I see Beyonce as “black” even though
        I know there is non-Black DNA in her.
        But I also see most Hispanics as generally
        representing their nationality instead of being
        inherently Mixed since they ‘culturally’ aren’t
        marginalized by their Mixed background unless
        they are more Mono-racial in appearance
        (specifically native American / first nations
        or mostly African which brings its
        own similar but different baggage.)
        Much like the Creoles, they are something
        that is both Mixed and unique.

        While I am barely black and native american
        (1/16th each) it has been present in my
        experience and consciousness throughout my
        entire life due to how recessive traits affected my
        appearance and therefore others reaction to me.

        It shaped my entire identity and worldview and
        how I see myself in the great scheme of things.

        Were I to have just learned of this DNA presence
        a year ago while spending my entire previous 39
        years in blissful ignorance as a ‘White’ American
        I think it would be ludicrous for me to start
        running around and telling everyone how I'm Mixed
        even if technically I am by racist American standards.

        And though the Native American is in there I have
        no connection to it and don't even know which tribe
        it comes from - maybe eastern woodlands, maybe
        southwest - all very different and unique.

        There is no one homogenous Indian
        culture or tradition so at this point it
        is interesting but not really relevant to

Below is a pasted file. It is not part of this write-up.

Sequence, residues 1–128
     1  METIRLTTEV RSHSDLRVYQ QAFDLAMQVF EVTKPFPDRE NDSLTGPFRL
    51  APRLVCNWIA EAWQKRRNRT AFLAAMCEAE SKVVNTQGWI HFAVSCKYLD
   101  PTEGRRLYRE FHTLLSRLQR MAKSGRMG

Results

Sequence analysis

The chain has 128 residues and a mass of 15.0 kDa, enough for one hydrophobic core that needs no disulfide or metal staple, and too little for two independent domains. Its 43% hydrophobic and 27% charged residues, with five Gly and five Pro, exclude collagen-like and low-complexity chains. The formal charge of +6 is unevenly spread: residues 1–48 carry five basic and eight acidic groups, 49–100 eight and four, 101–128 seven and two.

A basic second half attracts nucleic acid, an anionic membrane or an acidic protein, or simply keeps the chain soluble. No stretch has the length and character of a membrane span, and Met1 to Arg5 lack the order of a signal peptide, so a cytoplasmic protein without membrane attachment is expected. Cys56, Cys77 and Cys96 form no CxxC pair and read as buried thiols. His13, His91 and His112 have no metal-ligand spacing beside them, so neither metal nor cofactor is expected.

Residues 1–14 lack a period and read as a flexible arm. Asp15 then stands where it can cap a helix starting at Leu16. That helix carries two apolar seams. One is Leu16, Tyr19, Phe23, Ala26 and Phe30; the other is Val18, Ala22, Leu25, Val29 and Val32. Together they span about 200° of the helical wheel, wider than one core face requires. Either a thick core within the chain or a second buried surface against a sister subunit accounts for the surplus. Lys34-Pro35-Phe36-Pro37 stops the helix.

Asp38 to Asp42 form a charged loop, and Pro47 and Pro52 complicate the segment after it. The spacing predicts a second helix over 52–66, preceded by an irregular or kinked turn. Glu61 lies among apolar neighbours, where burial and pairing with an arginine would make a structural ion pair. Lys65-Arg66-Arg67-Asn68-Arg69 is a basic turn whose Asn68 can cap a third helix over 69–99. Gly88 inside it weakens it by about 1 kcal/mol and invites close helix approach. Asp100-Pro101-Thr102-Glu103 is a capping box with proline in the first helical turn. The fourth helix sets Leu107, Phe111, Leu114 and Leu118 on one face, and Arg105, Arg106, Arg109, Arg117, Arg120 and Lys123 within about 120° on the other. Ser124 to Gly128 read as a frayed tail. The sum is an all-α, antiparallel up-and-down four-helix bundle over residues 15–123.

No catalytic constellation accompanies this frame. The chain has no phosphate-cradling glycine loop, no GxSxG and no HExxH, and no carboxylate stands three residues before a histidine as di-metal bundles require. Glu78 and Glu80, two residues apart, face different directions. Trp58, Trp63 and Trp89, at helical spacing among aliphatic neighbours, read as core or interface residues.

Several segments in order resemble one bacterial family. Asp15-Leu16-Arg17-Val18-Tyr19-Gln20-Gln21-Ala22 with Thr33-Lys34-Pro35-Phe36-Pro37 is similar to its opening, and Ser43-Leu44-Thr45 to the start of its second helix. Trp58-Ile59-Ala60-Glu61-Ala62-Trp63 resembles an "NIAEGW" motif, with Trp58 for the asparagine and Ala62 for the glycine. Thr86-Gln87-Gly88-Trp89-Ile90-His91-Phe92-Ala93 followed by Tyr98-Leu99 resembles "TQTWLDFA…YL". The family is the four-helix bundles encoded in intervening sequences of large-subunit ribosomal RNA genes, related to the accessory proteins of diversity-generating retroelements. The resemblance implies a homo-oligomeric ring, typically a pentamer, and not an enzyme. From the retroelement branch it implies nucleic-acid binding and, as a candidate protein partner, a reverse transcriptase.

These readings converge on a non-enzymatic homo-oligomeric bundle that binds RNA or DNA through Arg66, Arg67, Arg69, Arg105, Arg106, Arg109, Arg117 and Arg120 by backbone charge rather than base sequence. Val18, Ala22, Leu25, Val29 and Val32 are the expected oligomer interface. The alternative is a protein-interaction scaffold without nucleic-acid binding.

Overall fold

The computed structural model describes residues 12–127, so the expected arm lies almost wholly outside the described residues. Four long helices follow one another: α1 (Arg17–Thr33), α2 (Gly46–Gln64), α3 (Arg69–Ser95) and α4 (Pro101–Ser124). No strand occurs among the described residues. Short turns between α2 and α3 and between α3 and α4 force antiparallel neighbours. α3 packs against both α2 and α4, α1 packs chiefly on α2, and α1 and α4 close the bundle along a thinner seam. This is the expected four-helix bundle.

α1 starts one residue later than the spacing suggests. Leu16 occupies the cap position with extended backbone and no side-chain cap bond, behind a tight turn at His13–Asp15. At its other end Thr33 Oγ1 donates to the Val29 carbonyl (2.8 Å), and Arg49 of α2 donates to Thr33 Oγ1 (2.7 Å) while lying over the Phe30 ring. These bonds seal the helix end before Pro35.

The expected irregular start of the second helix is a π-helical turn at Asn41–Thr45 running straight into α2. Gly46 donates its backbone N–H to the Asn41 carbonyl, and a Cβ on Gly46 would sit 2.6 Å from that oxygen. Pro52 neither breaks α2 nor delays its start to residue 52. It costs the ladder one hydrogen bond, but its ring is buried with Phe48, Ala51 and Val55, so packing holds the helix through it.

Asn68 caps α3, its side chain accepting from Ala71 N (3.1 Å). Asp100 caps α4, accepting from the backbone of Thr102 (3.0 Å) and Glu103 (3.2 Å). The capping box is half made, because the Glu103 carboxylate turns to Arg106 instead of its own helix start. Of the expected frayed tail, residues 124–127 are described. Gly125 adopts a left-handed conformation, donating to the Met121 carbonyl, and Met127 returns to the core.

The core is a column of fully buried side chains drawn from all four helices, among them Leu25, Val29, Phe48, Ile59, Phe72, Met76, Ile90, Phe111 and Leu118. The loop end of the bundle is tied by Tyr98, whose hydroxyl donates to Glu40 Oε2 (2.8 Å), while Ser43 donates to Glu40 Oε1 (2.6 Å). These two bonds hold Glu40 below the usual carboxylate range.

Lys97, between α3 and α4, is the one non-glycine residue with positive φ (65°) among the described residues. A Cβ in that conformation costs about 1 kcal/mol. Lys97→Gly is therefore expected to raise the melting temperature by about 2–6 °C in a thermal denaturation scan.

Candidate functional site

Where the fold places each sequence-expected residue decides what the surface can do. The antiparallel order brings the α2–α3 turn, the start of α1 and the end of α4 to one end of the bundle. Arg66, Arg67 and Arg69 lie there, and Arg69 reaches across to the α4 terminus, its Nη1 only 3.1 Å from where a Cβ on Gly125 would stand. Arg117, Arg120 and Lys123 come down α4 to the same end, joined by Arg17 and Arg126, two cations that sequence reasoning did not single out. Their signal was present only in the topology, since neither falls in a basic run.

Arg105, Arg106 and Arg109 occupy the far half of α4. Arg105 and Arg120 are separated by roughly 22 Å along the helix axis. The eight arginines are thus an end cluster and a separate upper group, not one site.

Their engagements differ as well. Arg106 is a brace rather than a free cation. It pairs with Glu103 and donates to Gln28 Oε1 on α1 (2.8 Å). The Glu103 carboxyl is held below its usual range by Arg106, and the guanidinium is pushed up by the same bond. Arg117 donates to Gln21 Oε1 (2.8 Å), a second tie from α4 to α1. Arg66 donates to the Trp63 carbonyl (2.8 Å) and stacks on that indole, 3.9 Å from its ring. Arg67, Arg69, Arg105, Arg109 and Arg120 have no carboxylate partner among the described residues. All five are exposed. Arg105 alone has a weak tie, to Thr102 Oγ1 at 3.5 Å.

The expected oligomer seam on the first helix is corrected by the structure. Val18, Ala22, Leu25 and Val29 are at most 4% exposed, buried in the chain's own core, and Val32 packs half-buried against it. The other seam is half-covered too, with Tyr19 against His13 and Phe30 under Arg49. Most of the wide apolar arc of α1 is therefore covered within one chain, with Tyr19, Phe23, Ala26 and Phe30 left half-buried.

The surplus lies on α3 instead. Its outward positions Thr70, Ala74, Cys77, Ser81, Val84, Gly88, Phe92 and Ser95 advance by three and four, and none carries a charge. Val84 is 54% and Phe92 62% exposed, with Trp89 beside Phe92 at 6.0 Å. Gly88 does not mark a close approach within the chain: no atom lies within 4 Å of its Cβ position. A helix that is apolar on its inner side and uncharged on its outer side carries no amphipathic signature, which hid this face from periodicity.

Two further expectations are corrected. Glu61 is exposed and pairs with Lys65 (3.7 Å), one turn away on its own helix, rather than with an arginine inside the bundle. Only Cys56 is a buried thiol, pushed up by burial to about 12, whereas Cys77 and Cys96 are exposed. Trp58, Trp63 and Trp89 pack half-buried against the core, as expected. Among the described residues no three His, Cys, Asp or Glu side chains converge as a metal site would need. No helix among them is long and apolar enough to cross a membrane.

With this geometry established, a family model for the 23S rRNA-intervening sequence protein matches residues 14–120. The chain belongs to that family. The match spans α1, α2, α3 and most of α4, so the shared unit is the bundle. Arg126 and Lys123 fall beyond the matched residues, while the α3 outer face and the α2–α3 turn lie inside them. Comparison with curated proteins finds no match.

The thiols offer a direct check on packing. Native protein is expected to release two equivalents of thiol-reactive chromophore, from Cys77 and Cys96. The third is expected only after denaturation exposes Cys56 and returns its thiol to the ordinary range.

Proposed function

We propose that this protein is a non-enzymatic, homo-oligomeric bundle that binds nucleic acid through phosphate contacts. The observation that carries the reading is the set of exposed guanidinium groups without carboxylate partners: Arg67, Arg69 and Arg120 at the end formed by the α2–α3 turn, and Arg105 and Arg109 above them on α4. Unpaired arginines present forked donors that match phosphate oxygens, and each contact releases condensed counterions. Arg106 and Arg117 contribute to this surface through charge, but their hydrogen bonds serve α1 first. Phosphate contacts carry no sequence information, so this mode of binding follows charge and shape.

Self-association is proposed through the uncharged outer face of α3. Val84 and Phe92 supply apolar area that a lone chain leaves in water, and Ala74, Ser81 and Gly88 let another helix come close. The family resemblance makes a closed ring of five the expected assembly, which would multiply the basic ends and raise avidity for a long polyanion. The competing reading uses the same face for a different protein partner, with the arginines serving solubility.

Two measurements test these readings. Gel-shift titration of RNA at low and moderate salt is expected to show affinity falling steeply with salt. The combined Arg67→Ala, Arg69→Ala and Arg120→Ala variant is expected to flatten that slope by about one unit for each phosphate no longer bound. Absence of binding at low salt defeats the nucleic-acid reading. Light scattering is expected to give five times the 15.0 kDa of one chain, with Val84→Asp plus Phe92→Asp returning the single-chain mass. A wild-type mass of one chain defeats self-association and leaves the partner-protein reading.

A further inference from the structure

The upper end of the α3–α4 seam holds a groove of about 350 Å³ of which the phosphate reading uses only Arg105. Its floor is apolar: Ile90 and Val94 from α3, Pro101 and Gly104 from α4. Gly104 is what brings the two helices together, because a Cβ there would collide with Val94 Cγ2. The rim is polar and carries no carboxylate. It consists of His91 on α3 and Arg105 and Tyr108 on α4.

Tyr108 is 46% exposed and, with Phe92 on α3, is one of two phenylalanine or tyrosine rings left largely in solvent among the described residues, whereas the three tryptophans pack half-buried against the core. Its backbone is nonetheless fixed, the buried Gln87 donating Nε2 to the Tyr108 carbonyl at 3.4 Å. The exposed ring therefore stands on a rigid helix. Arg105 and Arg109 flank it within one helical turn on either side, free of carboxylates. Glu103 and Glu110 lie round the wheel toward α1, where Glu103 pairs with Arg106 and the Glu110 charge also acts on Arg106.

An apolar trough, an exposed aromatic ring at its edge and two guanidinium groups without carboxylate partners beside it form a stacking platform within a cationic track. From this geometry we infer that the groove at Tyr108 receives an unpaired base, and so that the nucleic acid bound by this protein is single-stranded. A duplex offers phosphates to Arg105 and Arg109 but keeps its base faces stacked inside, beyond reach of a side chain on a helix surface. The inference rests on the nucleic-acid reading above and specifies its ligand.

me nor something I can truly explore.
         
        That's my take on it anyway ;)

          Jeff
         


        Related Link:
        http://groups. yahoo.com/ group/Generation -Mixed/message/ 2339

         
        Kia <tiny_kia@yahoo. com> wrote:

        From what they've said and what I've
        read both of these people are black.

        I mean both parents are african-american.

        Although Lark has a dutch last name
        she's still black and she's said it.
        Most african-americans have foreign
        (non african)last names due to slavery.

        So, why are these two considered
        multi-ethnic /or multi-racial?

        Just would like to know?





      • Tyrone Anderson
        Hello Kia, The problem with the statements you made is you are making an assumption of Beyonce and Larks V identify and family identity. I ve heard people
        Message 3 of 9 , Jan 21, 2007
        • 0 Attachment
          Hello Kia,

          The problem with the statements you made is you are making an
          assumption of Beyonce and Larks V identify and family identity.
          I've heard people refer to themselves as black &
          mixed, black-biracial, and depending on how they
          define that identity African-american or black.
          Beyonces mother is Creole, her mothers family is Creole.

          Multi ethnic is just that I believe, it's not always
          about identity as much history, family and genetics.
          Beyonce and Lark V are both mixed both multiethnic.
          That doesn't have to mean it's an identity.

          I know black and white people (visually non mixed)
          who say they don't identify racially (black or white)
          And they don't have to be, right?
           
          Ty

          Kia <tiny_kia@...> wrote:

          From what they've said and what I've
          read both of these people are black.

          I mean both parents are african-american.

          Although Lark has a dutch last name
          she's still black and she's said it.
          Most african-americans have foreign
          (non african)last names due to slavery.

          So, why are these two considered
          multi-ethnic /or multi-racial?

          Just would like to know?




        • tlbaker
          Hello, These are all excellent points and of course I agree w/all as usual, thank you for expressing them as I always enjoy reading them. Kia, I identify as
          Message 4 of 9 , Jan 21, 2007
          • 0 Attachment

            Hello,These are all excellent points and of course I agree w/all as usual,
            thank you for expressing them as I always enjoy reading them.

            Kia, I 'identify' as black" and will tell people I am
            black although I know that I am Mixed European as